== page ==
Oh, I didn’t realize that the anime is new. Well, in that case, it’s probably rather due to that and not due to the book club I guess
Just a little bit of reading today as I’m travelling. I read 6 pages of ふしぎねこのきゅーちゃん which is great for reading when you don’t have a lot of time since its a 4-koma where you can generally read each page as a standalone story.
More language and pronunciation
Probably because we do get taught fairly well how to make the w sound since it is so very prevalent in English. Where, were, what, who, etc. So not realizing Swedish doesn’t have w sound maybe isn’t so strange. Also, try to find a word in Swedish with a w.
(I can only come up with some last names that have w. And as mentioned, they’re all just pronounced as if they were v:s.)
This does help, thank you. I’d have to spend some time with a native English speaker to check, but the j-words are sounding more correct to my ear. Well, to my ear and the inside of my head, which is why I need someone else to confirm.
Swedish is a Germanic language. I wouldn’t call Swedish closely connected to English. There is a lot of overlapping grammar and such, but I’d say that comes more from both English and Swedish taking from the same sources, rather than them affecting each other directly. (Goes into history too, but anyway…)
Just an example, the verb “to be” in Swedish is “är”. And lets conjugate it (I, you, he/she/it, we, you, they):
(I had to go searching online for what our plural you is called. Shows how much that is used nowadays. )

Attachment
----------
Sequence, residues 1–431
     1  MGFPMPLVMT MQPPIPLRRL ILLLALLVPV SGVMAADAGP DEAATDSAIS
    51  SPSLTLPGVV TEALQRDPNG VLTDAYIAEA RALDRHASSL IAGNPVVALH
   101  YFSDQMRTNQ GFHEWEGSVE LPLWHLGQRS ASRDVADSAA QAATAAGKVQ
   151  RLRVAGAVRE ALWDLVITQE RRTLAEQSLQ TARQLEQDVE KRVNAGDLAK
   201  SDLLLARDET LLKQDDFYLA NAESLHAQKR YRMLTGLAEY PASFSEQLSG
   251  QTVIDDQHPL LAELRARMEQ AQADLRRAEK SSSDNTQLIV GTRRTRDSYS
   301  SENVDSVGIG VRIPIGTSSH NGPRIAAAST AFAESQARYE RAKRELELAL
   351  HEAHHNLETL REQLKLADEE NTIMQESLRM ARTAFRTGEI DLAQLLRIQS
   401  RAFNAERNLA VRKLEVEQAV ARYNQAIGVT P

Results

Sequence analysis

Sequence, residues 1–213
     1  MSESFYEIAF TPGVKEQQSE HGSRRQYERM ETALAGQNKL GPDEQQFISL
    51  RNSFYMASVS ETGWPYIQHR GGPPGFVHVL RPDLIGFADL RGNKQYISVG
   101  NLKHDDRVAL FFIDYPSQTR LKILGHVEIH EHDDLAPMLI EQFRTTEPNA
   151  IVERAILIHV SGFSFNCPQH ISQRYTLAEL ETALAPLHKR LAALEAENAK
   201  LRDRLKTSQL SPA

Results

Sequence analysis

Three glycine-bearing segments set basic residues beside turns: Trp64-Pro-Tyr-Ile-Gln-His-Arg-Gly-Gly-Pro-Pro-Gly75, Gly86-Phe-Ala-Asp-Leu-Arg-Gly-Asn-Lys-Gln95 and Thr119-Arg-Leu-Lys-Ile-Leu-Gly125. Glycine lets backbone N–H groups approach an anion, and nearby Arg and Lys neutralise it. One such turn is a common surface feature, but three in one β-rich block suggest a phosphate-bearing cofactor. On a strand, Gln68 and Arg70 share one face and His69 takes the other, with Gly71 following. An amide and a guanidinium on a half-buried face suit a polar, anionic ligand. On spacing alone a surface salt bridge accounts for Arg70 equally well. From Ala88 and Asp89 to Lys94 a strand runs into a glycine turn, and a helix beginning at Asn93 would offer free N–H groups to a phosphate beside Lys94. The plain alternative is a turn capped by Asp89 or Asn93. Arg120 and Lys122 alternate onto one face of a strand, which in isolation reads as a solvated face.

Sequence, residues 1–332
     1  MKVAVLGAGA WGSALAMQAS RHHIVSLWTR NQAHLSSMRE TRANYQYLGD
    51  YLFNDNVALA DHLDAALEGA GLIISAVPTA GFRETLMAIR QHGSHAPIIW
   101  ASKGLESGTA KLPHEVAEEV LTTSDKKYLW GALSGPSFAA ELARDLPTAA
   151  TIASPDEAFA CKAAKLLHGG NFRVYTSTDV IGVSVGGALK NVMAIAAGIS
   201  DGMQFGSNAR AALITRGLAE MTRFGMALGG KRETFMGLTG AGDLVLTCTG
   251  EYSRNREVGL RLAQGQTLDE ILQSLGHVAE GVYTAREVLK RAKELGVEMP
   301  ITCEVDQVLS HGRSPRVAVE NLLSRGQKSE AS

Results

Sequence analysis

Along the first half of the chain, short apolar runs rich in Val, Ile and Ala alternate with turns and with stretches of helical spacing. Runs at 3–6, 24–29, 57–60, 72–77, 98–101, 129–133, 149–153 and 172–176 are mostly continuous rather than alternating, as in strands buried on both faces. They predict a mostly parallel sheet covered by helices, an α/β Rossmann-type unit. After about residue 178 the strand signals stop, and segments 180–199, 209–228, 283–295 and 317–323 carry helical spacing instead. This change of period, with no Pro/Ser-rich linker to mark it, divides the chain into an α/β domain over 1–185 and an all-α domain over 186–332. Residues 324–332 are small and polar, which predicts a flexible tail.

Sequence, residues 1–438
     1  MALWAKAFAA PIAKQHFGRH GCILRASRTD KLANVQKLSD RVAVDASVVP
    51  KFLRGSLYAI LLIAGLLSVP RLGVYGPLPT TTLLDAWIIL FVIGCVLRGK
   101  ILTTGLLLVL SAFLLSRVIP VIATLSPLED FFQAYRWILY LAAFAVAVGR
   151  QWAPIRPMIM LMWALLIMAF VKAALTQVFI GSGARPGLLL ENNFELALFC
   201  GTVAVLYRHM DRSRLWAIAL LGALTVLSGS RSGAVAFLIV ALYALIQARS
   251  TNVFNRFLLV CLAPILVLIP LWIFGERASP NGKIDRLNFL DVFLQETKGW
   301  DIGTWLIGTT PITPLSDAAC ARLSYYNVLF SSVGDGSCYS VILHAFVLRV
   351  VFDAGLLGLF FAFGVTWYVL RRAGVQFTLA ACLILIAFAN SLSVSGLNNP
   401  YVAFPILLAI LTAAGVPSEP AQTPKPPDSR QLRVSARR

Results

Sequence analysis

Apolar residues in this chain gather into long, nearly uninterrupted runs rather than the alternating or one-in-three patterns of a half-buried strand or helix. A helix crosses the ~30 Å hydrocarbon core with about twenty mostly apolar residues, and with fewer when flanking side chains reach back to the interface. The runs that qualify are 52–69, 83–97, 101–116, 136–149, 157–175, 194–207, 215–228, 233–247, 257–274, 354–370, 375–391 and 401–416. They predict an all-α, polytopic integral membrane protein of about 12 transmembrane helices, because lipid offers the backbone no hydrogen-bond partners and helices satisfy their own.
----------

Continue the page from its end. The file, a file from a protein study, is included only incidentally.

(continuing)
This is why my brain naturally don’t even consider whether something is plural or not when conjugating verbs. Unlike Japanese though, we do have plural form for nouns. Anka/ankor, bil/bilar, kräm/krämer, fönster/fönster, mus/möss, etc. (-ar, -or, and -er are the most common ones, the ones that go same/same or change vowels and such would probably be called exceptions.)
Of course, let us not mention the Swedish version of a/an (en/ett) which maybe have guidelines, but no rules; you learn by ear. That one is killer when trying to sound native.
Somewhere along the line, I had to decide how important it was to me to sound native. I always try to write correctly (singular/plural verb forms are probably my most common mistake), but I’ve never felt like I needed to sound native. However, if I get to fix my wonky j-sound, I’ll be happy, because it is probably the only one that bothers me. (Because it makes people do a double take the first time, they get used to the way I say it and can understand, but I’d rather skip that step.)